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Town Split over Journalist's Retrial for '61 Murder

On a rainy night in 1961, Wilbert Rideau killed Julia Ferguson, a white bank teller in Lake Charles, La. Rideau was 19, a nearly illiterate African-American janitor living in a sharply segregated, small Southern town built on the backs of sawmills, slavery and oil.

Rideau has spent the last four decades in prison. During that time, he's become an award-winning journalist and advocate for prison reform. This week, he went on trial for murder for the fourth time, hoping a jury will set him free.

Rideau was tried twice for murder before 1970; each time, the conviction was overturned. The third conviction stuck -- until 2000, when an appellate court ordered the state to retry Rideau or release him. Rideau's attorneys are now hoping the jury will find him guilty of manslaughter, rather than first-degree murder, which would allow Rideau to be released for time served.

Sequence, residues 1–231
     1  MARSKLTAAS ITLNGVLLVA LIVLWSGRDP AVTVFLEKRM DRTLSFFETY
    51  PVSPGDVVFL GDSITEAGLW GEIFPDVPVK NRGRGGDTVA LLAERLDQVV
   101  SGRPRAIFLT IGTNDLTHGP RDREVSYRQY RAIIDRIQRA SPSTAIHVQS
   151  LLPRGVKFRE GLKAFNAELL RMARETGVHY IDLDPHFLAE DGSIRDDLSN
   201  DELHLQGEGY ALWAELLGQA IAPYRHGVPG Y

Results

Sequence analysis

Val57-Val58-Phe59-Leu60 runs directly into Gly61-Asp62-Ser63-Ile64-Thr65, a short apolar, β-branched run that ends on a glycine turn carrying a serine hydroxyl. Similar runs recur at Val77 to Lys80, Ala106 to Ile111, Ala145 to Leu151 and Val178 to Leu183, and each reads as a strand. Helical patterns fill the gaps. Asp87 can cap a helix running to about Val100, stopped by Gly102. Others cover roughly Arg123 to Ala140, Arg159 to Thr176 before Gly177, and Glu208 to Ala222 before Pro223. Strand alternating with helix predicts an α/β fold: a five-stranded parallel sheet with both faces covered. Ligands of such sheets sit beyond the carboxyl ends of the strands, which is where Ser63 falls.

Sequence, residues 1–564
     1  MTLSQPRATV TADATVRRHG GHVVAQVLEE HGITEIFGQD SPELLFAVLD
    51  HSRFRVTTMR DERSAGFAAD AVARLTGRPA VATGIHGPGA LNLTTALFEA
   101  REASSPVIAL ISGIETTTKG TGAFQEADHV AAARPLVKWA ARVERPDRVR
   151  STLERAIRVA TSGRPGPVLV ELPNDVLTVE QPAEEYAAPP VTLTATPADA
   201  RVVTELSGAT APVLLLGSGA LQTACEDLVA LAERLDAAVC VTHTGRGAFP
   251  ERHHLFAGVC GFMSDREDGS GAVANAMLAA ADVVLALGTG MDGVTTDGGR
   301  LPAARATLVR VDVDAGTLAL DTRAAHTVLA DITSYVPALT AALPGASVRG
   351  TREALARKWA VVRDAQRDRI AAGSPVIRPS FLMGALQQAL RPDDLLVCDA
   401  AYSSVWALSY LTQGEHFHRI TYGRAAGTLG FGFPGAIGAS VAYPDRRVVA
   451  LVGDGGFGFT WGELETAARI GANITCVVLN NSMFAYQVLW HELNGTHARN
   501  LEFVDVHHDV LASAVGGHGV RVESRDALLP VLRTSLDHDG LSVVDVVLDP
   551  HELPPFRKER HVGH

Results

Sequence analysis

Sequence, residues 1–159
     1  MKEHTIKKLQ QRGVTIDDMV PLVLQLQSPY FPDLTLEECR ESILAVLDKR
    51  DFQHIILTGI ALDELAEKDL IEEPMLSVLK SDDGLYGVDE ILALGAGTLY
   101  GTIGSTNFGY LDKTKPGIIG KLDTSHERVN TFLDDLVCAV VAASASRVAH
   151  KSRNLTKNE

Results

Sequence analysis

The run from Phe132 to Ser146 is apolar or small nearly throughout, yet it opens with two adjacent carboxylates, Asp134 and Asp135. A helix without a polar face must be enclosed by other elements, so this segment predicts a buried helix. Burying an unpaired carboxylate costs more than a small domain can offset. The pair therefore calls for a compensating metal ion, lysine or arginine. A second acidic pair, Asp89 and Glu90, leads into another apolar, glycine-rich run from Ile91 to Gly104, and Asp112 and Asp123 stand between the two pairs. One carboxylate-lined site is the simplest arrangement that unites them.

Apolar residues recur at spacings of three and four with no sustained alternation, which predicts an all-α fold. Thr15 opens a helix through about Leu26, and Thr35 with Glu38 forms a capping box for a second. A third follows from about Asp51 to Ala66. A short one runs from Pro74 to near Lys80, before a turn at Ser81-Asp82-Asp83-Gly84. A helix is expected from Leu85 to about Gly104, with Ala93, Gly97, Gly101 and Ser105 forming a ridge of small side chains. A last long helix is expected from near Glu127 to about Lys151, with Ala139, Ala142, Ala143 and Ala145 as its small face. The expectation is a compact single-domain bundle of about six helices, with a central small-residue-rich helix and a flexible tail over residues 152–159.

Rideau, 62, admits to killing Ferguson, but he says he's a different man now, and argues that he's paid for his crimes. Lake Charles remains divided, largely along racial lines, on whether justice would be served by his release.

Black people in town, and some whites, point out that Rideau has already served longer than any white man convicted of murder in Louisiana history. But those old enough to remember the crime have a hard time forgetting -- or forgiving. NPR's Laura Sullivan reports.

Copyright 2022 NPR. To see more, visit https://www.npr.org.

Laura Sullivan is an NPR News investigative correspondent whose work has cast a light on some of the country's most significant issues.
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